Recognizing individuals through repeated field encounters

By Kameron Strickland, MLML Ichthyology Lab & CSUMB Image Analysis Lab

Our pursuit for statistical power involves repeated trials and non-trivial sample sizes.  After hundreds of fish dissections or thousands of water samples, big data can become a big chore.  Once exciting field observations are converted to numbers, I find myself occasionally forgetting the amazing individuals we are fortunate enough to study.

I’ve enjoyed photographing both fish and birds for a few years.  Through repeat encounters, I’ve come to recognize specific individuals both on land and on sea.  If you have had the same experience, you will understand the excitement in recognizing these individuals time and time again.  Sexual dimorphism, unique behaviors, and physical markings are all indicators that can be used for identifications.  Here, I provide small anecdotes about some of the individuals I’ve met through my photography.


Scarred Kelp rockfish

I just logged my 400th dive in my SCUBA career.  A majority were around the Monterey Peninsula, most being in the Carmel Bay.  While studying microhabitat associations of Kelp rockfish in Carmel, I recorded more than 1,000 observations of the species.  Kelp rockfish display a wide range of color morphs and patchiness patterns, from a ghostly white to earthy greens and browns.  I recognized this specific individual across a few dives due to the distinct white scar its left side.  After an hour of deep depths and freezing temperatures, it was exciting to find this fish hanging around the same patches of kelp.  I’m not sure if the feeling was mutual!


Two Vermilion rockfish in Carmel, CA

Just across the bay live two large Vermilion rockfish.  The smaller of the two is much more orange, while the larger one has more complicated silver patches on its body.  These large, vibrant rockfish stand out from the other species on the reef.  When I dove nearly every day during the summer of 2018, I would see these individuals in almost the exact same places.  Because of their large size, I believe these two individuals could have easily outcompeted other rockfish for the best crevices along the rocky reef.  Since 2018, this kelp forest has turned into an urchin barren with only a few opportunistic Macrocystis and Nereocystis fronds remaining.  Yet the Vermilions remain – I just saw one of them last week!  It still feels as if these two fish purposefully come out to greet me on dives.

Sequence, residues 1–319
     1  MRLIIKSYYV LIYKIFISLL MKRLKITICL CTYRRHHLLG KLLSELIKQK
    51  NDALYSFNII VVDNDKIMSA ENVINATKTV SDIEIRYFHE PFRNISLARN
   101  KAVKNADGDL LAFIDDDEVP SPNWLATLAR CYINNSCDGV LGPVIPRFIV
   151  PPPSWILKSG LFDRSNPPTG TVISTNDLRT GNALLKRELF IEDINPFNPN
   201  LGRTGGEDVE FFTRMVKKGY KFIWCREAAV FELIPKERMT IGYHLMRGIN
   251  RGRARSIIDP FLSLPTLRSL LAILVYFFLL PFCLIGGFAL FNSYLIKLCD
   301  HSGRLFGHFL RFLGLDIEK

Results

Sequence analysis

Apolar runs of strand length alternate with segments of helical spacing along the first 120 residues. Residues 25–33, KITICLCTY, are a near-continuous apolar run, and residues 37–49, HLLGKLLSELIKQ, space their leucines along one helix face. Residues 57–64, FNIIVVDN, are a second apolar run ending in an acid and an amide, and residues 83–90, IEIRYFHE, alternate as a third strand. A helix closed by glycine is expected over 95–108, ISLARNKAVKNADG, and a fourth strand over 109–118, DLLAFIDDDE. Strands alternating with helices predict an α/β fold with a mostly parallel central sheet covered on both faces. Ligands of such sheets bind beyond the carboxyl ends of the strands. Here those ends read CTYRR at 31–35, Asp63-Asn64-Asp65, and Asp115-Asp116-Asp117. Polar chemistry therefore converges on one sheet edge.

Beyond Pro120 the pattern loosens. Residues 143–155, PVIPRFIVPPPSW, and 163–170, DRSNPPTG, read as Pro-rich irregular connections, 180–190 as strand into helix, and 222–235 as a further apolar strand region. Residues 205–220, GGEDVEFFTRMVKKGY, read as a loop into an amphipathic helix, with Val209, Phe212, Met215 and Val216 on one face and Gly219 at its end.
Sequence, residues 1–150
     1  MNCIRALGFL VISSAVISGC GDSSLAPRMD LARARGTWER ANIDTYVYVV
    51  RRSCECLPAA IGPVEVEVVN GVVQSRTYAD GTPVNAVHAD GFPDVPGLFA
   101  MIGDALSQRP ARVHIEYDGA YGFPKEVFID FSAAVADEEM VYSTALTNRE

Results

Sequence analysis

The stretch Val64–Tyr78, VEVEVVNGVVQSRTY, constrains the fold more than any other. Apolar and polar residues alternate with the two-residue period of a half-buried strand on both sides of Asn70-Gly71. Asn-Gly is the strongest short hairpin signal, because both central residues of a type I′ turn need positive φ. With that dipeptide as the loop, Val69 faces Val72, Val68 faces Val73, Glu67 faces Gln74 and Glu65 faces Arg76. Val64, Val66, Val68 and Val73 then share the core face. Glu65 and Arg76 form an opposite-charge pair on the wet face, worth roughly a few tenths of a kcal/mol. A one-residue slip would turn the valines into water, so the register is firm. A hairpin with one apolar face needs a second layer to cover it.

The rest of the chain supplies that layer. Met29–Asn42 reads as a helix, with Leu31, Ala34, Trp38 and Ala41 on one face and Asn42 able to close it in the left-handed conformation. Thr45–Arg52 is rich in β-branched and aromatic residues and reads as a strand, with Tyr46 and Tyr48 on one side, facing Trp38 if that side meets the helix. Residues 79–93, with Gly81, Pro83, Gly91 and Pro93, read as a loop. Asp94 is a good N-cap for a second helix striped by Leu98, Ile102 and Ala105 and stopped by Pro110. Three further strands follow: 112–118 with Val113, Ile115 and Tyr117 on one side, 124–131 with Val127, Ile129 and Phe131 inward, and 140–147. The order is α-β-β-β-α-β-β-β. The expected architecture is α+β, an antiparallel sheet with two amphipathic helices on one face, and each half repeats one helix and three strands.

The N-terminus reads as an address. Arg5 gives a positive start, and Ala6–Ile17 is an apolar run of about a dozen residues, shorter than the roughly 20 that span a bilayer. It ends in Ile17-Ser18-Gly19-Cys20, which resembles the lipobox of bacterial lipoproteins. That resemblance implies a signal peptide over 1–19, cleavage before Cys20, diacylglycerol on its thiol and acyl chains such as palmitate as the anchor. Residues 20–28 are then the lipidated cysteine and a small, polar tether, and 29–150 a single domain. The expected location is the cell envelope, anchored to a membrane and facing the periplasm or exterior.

White-tailed kite

During runs, I’ve passed this White-tailed numerous times while it was perched on the same tree.  I’ve made it a mission to return with camera gear and try to photograph it, but have only succeeded twice.  Their bright red eyes have always fascinated me.  If my presence doesn’t scare it off, turkey vultures and crows seem to always chase it away.


Anna’s hummingbird in Moss Landing

I discovered this Anna’s hummingbird at a location I frequent weekly for shorebirds.  This individual favors flying back and forth between three perches.  It was shy when I first discovered it, not letting me approach very closely.  I began using my camera’s electronic shutter to shoot silently and minimize disturbance on its natural behavior.  After many weeks of returning to this individual, it has become more comfortable with my camera gear.  It now lets me move closer and will even return to me after flying away.  Over a the past few months, this bird has become a part of my weekly photographic routine; I like to think that I am a part of its week as well!


Pair of Eurasian collared doves in Moss Landing

Not far from the hummingbird I visit, two Eurasian collared doves that have claimed a tree as their own.  These two are inseparable.  Although I am no dove expert, I suspect they may be a breeding pair.  Since their tree is near the busy Moss Landing harbor, they sometimes have to other flying fauna.  In my opinion, these goofy doves have one of the most hilarious calls.  Unfortunately they are hesitant to drop down at eye level, which makes it difficult to capture photos.


Photographing wildlife is an enjoyable break from the hard science I feel is prioritized during grad school.  These small encounters have highlighted some of the interesting routines and personality traits of my subjects.  I hope you are able to recognize individuals across your scientific endeavors.  Happy research!